Well, it’s been an interesting last few weeks for Urban Airship, the startup that aims to give developers a simple way to build in-app purchases and push notifications into their mobile apps.
A week ago, Urban Airship acquired Matt Galligan and Joe Stump’s SimpleGeo (the news was broken by TechCrunch Founder Mike Arrington), and today the startup has announced that it raised $15 million in series C financing from new strategic investors Verizon and Salesforce.com. Existing investors True Ventures and Foundry Group also participated in the cash round, bringing Urban Airship’s total funding to $26.1 million.
With the acquisition of SimpleGeo, Portland-based Urban Airship boosts its team to 51 and is now has a presence in the Bay Area. Not only that, but with SimpleGeo once being touted as the “Amazon Web Services” for location-based products, allowing developers to build location into their web and mobile apps and offering the infrastructure to back that up, Urban Airship can now round out its suite of offerings for mobile developers.
SimpleGeo’s assets will allow Urban airship to give its customers, which include ESPN, LivingSocial, and Gowalla the ability to more easily target their users with push notifications, as knowing where they are when they’re using their mobile apps is a huge piece to the puzzle.
Urban Airship is already facilitating over 1 billion notifications per month to users on 300 million devices, and the company has seen a huge boost thanks to the recent launch of Apple’s iOS 5, which has much-improved push notification functionality. With the launch of iOS 5, Urban Airship has seen calls to its API increase tenfold, according to CEO Scott Kveton. What’s more, the startup has seen its revenue increase 600 percent in 2011, as developers are building its tools and services into tens of thousands of mobile apps and using its back-end platform to power in-app communications with their customers.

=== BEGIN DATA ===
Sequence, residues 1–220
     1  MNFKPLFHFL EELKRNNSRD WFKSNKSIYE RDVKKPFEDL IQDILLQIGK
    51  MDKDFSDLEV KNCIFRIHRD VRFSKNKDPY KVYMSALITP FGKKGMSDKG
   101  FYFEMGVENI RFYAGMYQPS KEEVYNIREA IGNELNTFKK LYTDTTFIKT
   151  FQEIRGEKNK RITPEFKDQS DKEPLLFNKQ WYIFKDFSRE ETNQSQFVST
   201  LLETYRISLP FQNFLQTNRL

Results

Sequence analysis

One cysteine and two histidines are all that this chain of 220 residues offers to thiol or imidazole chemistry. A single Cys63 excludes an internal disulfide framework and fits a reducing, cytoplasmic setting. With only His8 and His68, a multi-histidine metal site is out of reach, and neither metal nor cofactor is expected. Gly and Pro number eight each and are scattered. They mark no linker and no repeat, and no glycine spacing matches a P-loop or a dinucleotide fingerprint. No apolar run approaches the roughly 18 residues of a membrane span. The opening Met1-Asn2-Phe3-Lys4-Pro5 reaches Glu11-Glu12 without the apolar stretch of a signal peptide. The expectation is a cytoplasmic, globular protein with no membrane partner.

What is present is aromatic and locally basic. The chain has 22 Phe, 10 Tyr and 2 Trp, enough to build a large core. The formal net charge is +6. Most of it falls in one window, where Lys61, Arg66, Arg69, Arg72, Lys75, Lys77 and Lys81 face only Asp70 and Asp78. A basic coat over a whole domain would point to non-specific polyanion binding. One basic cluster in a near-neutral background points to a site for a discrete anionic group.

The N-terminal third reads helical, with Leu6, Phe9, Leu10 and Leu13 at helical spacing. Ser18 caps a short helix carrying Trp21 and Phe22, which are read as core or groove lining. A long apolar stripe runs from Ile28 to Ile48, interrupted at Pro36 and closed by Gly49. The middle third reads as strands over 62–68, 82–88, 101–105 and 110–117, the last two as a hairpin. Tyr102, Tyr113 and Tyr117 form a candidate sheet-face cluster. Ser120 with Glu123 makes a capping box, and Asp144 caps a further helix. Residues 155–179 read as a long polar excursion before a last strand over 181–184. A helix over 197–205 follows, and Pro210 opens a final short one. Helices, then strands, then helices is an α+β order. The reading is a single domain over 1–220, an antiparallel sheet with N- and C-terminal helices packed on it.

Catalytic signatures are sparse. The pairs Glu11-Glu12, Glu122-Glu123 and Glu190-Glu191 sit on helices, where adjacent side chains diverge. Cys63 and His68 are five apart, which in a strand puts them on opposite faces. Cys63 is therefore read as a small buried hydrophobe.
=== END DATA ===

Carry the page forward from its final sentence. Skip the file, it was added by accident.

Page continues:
According to Arrington, while the the $15.1 million series C round Urban Airship raised today was all in cash, the acquisition of SimpleGeo came in the form of stock, as a part of the larger round of financing. As SimpleGeo CEO Jay Adelson told Arrington (Adelson is now an advisor to Urban Airship), while his company considered both selling the company and raising a new round of company, a merger seemed the best way to go. Clearly, SimpleGeo’s investors, and those on the management team at SimpleGeo were excited by Urban Airship’s prospects going forward. And in this case, considering their strengths, this move seems to make a great deal of sense, strategically.